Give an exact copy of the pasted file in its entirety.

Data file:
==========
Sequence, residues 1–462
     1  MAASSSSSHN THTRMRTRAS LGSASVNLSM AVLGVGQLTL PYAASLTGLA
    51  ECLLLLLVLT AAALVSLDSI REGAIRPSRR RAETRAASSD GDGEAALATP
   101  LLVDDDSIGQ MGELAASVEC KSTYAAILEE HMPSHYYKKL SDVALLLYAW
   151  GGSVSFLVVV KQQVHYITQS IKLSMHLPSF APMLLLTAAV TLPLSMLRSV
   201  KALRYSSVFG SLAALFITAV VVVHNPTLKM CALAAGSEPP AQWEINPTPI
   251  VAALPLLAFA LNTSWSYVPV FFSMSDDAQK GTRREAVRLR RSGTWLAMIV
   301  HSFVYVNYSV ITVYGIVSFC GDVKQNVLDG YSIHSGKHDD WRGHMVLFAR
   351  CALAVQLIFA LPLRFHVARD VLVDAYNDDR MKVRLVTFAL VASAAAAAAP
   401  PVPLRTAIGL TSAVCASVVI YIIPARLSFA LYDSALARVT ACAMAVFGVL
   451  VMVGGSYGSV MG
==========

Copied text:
Sequence, residues 1–462
     1  MAASSSSSHN THTRMRTRAS LGSASVNLSM AVLGVGQLTL PYAASLTGLA
    51  ECLLLLLVLT AAALVSLDSI REGAIRPSRR RAETRAASSD GDGEAALATP
   101  LLVDDDSIGQ MGELAASVEC KSTYAAILEE HMPSHYYKKL SDVALLLYAW
   151  GGSVSFLVVV KQQVHYITQS IKLSMHLPSF APMLLLTAAV TLPLSMLRSV
   201  KALRYSSVFG SLAALFITAV VVVHNPTLKM CALAAGSEPP AQWEINPTPI
   251  VAALPLLAFA LNTSWSYVPV FFSMSDDAQK GTRREAVRLR RSGTWLAMIV
   301  HSFVYVNYSV ITVYGIVSFC GDVKQNVLDG YSIHSGKHDD WRGHMVLFAR
   351  CALAVQLIFA LPLRFHVARD VLVDAYNDDR MKVRLVTFAL VASAAAAAAP
   401  PVPLRTAIGL TSAVCASVVI YIIPARLSFA LYDSALARVT ACAMAVFGVL
   451  VMVGGSYGSV MG